In the meantime, some tier-1 banks and banks with strong technology will excel
For now, Nigeria’s largest banks by assets and profitability (Zenith Bank and GTBank) are not Hold-Cos. As a matter of fact, some experts believe that some tier-1 banks such as GTBank, Zenith, and UBA will always do well. Also, banks with good technological innovations will equally do well. According to Lanre Buluro, “GTBank will do well because their cost structure is one of the lowest in the market.” He also cited Sterling Bank Plc, which he said has recently been very innovative with its use of technology.
For US-based Nigerian Financial Analyst, Wole Oluyemi, the survival of Nigerian banks will depend on their ability to make good use of technology in their operations. He told Nairametrics that he believes “all banks would experience some level of impacts from COVID-19 but their ability to absorb the shocks is highly dependent on their operational and IT resilience that has been built pre-COVID. So, I believe that those banks with good digital platforms (both infrastructure and deployment capability to customers) would come out of the crisis with very minimal impact.”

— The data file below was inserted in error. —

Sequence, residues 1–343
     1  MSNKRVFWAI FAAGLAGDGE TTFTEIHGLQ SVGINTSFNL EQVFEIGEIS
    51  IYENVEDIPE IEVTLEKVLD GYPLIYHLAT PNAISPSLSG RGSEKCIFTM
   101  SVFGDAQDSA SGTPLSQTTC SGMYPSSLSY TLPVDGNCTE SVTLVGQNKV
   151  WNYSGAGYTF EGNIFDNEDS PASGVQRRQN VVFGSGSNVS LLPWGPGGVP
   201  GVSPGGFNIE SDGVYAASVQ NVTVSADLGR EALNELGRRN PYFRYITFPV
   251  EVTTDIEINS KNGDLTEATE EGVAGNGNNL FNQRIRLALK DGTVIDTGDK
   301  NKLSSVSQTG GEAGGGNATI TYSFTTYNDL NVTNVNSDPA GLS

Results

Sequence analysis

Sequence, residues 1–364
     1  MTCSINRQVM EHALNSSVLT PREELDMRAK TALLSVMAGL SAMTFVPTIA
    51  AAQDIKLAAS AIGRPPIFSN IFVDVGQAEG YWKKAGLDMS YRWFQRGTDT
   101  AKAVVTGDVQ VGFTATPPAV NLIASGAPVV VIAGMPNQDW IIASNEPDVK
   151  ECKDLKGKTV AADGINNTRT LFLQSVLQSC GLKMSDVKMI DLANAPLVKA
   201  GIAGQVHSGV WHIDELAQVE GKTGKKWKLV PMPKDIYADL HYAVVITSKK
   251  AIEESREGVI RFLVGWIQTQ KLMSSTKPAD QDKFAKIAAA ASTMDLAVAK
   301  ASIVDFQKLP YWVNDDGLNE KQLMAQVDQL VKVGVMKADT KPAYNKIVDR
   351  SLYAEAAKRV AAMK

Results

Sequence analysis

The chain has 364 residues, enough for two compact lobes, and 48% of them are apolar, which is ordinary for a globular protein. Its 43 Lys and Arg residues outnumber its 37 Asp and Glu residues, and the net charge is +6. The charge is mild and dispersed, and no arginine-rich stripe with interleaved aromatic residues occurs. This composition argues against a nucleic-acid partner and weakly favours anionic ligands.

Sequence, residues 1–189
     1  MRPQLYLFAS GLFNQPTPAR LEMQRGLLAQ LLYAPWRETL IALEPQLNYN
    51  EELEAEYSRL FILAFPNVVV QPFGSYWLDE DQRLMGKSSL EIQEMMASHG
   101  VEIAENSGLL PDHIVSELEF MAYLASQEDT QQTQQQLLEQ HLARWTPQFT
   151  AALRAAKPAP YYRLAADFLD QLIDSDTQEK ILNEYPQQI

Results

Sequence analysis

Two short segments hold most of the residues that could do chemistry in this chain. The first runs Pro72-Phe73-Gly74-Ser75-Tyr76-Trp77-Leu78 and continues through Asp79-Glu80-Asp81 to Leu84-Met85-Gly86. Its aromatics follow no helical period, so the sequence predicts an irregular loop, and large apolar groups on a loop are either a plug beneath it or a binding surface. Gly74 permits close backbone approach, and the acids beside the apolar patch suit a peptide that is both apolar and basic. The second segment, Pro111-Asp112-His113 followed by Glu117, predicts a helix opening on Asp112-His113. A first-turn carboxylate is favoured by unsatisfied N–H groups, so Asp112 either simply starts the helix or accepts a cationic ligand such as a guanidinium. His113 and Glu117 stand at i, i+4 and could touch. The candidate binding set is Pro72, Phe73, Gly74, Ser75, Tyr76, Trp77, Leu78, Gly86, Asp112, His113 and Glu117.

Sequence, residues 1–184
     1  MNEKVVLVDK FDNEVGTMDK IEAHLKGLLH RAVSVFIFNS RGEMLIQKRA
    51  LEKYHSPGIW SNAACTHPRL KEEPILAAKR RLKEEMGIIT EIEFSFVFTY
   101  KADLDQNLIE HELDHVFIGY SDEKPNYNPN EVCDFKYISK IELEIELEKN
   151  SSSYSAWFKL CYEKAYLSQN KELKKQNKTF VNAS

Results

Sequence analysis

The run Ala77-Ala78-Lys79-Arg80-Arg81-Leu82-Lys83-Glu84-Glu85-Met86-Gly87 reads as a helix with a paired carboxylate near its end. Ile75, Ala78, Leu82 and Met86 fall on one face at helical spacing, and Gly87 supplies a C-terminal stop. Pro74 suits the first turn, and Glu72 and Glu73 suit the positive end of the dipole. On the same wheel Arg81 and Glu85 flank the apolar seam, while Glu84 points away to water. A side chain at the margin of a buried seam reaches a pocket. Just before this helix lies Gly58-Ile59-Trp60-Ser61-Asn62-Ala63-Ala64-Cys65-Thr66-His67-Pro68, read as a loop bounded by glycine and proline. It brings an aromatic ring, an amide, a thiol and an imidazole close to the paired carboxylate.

Flour Mills moves to diversify funding sources with N29.8 billion bond listing
Flour Mills Nigeria Plc lists N29.8 billion bonds to diversify funding sources from the Nigerian capital market.
Flour Mills Nigeria Plc’s fresh N29.8 bond listing will help the nation’s leading food business company to explore diversified funding sources from the Nigerian capital market, with the hope of enhancing growth and the development of the company.
This statement was made by the Group Managing Director of FMN, Mr. Omoboyede Olusanya, at the listing of the Tranche A and Tranche B bonds valued at N29.8 billion on the Nigerian Stock Exchange (NSE).
The food and the agro-allied company which has remained Nigeria’s largest and oldest integrated agro-allied business with a broad profile and robust Pan-Africa distribution issued these bonds under its N70 billion Bond Issuance Programme.
Olusanya said that the company would continue to explore funding opportunities inherent in the capital market to ensure business growth and continuity.
While speaking about the Credit Rating of the Programme, he disclosed that FMN’s credit rating, as well as the operational financing of the Group, have improved considerably.